• Only a wooden stake, though, or something similarly rough/porous. Metal blades (and probably polished, sufficiently flat wooden blades) are too smooth to allow enough air in to cause much of a problem.
  • In the comic strip Yamara, formerly published in Dragon Magazine, vampires were all unique. The common weaknesses of sunlight, holy symbols, garlic, etc, were just the most common weaknesses. The vampire villainess Persephone had none of the traditional weaknesses. But in life, she had always avoided doing her own laundry, so in undeath she was cursed to flee from laundry products, lest underneath their power she wither and perish. So baskets of dirty clothes, bottles of detergent, clothespins, lines of laundry hanging up, all these made her shrivel, weaken, and could have destroyed her. (As Persephone's friend the Drow Priestess said, "My goddess, you must feel pathetic.")
    Persephone: "How can laundry products possibly defeat me ... on a world with no clothes?"
  • The vampires in BloodRayne are vulnerable to water. Not even holy water, or even running water, Rayne gets owies from stepping in a gutter. A fire alarm sprinkler system can wipe out a building full of them.
    • The vampires in RIFTS and the Legacy of Kain series share this weakness. The weapon of choice for savvy RIFTS vampire hunters is a man-portable sprinkler system/garden hose.
    • Vampires from Grendel are hurt by water, but apparently aren't killed by it unless they're totally submerged. When they're rounded up and locked in internment facilities, the guards turn on the sprinklers as a riot-dispersal tactic.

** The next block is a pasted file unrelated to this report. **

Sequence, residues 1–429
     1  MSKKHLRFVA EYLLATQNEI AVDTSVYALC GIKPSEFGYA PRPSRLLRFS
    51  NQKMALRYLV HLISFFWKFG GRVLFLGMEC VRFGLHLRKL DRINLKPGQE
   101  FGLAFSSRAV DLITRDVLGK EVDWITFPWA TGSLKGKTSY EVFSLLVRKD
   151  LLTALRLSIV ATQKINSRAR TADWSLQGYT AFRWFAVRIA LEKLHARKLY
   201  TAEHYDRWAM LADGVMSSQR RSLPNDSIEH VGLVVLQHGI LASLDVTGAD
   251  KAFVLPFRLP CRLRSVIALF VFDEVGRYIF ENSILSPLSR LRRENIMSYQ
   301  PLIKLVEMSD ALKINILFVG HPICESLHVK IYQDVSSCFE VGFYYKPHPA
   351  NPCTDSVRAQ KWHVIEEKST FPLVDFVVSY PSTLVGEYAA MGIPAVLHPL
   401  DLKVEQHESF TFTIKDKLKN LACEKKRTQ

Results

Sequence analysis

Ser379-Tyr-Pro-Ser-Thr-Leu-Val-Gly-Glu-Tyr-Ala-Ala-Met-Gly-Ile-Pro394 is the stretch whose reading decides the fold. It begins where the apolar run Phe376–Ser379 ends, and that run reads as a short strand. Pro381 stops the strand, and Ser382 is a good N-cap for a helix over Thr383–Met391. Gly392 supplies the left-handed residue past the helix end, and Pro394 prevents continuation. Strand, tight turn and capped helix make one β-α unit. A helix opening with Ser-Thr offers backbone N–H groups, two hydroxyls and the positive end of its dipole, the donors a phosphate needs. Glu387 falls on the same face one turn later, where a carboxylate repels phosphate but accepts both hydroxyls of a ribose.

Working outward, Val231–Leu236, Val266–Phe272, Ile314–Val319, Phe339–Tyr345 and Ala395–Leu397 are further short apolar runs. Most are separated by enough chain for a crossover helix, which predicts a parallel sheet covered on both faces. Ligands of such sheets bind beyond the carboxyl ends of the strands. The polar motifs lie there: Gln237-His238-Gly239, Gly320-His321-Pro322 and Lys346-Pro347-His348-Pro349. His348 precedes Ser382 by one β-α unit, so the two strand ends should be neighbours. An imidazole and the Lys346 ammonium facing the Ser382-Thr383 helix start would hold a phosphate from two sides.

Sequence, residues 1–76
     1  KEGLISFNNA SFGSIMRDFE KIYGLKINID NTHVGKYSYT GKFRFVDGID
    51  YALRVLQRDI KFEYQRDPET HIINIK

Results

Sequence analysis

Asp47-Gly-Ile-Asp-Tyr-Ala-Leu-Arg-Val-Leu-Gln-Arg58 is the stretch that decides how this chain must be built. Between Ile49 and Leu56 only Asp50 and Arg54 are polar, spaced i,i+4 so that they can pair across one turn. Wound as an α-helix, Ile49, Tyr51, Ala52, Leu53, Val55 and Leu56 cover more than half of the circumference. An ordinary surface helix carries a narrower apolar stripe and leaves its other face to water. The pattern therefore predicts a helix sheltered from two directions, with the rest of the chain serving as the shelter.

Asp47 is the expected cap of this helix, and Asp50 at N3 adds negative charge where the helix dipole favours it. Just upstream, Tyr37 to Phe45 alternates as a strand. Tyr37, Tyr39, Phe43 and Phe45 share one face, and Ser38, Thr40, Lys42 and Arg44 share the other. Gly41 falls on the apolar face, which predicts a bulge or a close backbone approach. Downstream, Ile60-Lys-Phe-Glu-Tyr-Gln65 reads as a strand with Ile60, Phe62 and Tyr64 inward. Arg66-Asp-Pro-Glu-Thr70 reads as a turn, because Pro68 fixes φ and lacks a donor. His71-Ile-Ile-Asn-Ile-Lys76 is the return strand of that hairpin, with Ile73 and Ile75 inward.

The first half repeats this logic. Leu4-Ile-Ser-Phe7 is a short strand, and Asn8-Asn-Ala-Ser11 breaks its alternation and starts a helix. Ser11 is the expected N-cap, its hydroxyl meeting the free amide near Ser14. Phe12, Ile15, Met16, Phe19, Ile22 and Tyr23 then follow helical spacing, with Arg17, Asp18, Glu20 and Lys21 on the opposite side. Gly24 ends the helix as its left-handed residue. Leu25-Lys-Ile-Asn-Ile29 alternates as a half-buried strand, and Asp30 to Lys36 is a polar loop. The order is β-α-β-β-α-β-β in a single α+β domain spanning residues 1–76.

• In Discworld, one family of vampires decides to work up an immunity to such things. Their grandfather chides them for this as it is unfair to their enemies.
    • One of the things the daddy vampire does is show his children religious symbols from all over the world, teaching them that they're just geometric shapes and nothing to be worried about. Near the end of the story the vampires freak out and start seeing the shapes of all the religious shapes they've been taught everywhere, even in patterns on the walls.
  • Remilia Scarlet and Flandre Scarlet of Touhou are vampires with most of the strengths and essentially none of the weaknesses. (Direct sunlight weakens them, but does no overt harm, while their powers hit zenith at the full moon.) This is kept from being a Game Breaker by the fact that everyone has flying, insane damage resistance, and superstrength, so vampirism largely just means "drinks blood" or eats suspiscously red cake. They have to add in extra superpowers to make them threatening.
  • Here's a coupon for tropers wishing to try one of the thirteen plus flavors of weak sauce weaknesses found in Vampire: The Masquereade! There's the standard ones that apply to all clans: sun and fire can potentially incinerate, wooden steaks cause a coma, etc. However, every clan and sub-clan had an extra defining weakness handed down from Cain or some other magical malarkey. A few choice ones are: Nosferatu - so ugly they can't pass for human, Malkavian - become incurably insane, Gangrel - slowly have animal parts replace their features, and Giovanni - their bite is every bit as painful as it should be. Then there's a few clans that got off near scot free: Lasombra - cast no reflection, Tremere - technically none, but their elders put them all under indirect Mind Control, and in practice Toreador and Ventrue. The former are supposed to suffer OCD when seeing anything "beautiful", but an inattentive GM can forget to have them roll to resist this periodically; while the latter can only feed from one kind of mortal, which depending on the restriction can be anything from a non-issue to un-life threatening.
  • "Vampires are pussies!"
  • The vampires in From Dusk Till Dawn have many of these same weaknesses, combined with being Made of Plasticine. But there's so many of them...